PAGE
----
Redwashing is when corporations paint themselves as good neighbours by sponsoring Indigenous initiatives
Have you ever wondered why corporations and banks provide sponsorship for so many Indigenous educational, cultural and artistic institutions? Are they really good neighbours? Socially responsible corporate citizens? It seems like everywhere you look, there they are: sponsoring our Indigenous award shows, our schools, our pow wows — the list goes on.
In my own territory in northern Manitoba, we see the presence of Manitoba Hydro in just about every aspect of our community, including sponsorship of school barbecues and Treaty Days celebrations.
In Fort Chipewyan, Alta., Syncrude sponsors the local youth centre, where Dene, Cree and Métis youth go to learn and socialize. In northern Saskatchewan, uranium giant Cameco makes sure to report about the millions it spends on initiatives for aboriginal youth.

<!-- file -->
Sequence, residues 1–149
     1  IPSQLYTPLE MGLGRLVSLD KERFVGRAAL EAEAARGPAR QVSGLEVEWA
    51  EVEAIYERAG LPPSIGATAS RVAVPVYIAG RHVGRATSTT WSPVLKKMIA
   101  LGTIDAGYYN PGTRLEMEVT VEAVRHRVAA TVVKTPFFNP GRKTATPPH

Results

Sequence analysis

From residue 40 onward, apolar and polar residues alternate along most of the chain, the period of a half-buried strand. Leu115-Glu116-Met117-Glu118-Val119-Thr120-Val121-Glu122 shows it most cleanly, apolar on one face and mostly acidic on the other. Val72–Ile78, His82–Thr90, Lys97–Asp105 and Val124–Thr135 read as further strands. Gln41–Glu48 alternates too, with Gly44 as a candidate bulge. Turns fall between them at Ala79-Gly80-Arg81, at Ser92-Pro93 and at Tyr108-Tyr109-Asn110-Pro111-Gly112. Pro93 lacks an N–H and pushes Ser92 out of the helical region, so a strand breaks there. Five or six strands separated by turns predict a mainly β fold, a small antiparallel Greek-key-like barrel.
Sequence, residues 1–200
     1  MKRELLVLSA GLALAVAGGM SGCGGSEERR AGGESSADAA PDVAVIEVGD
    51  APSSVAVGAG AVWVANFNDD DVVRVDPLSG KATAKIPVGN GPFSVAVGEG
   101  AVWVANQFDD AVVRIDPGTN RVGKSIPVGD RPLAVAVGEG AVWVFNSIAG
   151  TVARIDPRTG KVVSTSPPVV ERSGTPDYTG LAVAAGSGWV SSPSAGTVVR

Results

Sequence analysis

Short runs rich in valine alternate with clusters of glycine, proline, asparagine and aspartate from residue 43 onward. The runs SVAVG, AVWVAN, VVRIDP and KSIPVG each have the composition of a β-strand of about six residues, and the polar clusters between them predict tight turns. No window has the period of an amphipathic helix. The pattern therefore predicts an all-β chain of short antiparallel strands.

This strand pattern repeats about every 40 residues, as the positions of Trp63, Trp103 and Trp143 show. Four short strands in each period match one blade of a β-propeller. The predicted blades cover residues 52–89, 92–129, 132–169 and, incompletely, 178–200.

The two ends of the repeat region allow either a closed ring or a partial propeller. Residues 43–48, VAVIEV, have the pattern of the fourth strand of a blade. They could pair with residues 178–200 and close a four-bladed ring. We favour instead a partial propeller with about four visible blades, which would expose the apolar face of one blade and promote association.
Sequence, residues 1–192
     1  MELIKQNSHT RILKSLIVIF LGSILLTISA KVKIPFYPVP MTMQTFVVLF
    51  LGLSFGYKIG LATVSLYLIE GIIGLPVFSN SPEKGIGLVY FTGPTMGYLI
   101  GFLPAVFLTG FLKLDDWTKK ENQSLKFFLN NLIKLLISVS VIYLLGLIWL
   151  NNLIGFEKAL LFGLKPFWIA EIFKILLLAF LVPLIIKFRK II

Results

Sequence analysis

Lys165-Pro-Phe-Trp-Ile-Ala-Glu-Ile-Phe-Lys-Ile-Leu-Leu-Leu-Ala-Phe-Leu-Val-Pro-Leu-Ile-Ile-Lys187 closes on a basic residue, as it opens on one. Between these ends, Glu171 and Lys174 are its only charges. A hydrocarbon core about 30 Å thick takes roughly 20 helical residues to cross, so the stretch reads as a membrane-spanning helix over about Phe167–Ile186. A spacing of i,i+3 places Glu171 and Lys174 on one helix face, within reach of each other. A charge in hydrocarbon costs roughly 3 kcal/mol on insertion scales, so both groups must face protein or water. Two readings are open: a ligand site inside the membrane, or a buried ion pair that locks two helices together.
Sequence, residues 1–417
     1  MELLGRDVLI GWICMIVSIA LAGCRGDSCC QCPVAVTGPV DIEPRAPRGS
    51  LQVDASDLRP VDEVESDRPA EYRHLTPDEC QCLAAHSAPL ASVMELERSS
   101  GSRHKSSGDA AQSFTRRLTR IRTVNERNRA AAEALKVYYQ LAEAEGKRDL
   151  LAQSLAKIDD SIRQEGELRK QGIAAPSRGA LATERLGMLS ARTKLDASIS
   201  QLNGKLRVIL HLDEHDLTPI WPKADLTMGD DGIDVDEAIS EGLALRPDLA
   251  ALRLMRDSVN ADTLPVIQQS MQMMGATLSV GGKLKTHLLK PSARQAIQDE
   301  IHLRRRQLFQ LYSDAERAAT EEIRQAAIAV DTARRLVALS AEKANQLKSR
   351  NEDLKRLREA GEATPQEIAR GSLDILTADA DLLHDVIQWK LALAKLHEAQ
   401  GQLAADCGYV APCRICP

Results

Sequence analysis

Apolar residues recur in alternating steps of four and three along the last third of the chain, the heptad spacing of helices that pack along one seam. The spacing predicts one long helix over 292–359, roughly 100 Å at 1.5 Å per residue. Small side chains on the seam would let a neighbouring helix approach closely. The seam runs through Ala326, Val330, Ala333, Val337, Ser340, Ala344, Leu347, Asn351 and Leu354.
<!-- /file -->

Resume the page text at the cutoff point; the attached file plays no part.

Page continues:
Typical corporate philanthropy?
And it doesn’t just happen in communities that bear the brunt of project development: in Vancouver last year, oilsands giant Suncor Energy donated land that used to be a gas station to the construction of a long-sought-after centre for Indigenous youth. Sure, these same companies sponsor all sorts of non-Indigenous groups and activities too, but Indigenous communities are the ones seeing their lands destroyed by these same corporations.
So how should we characterize all of this? Just regular old corporate philanthropy?
Here’s another label: redwashing.
Redwashing is an attempt by a corporation to paint itself as “benevolent” — a good neighbour — through sponsorship schemes for Indigenous education, art and culture. It is the process of covering up the detrimental effects of corporate initiatives with friendly slogans and lump sum donations to Indigenous communities.
For the rest of this opinion, click here: http://www.cbc.ca/news/opinion/corporate-redwashing-1.4030443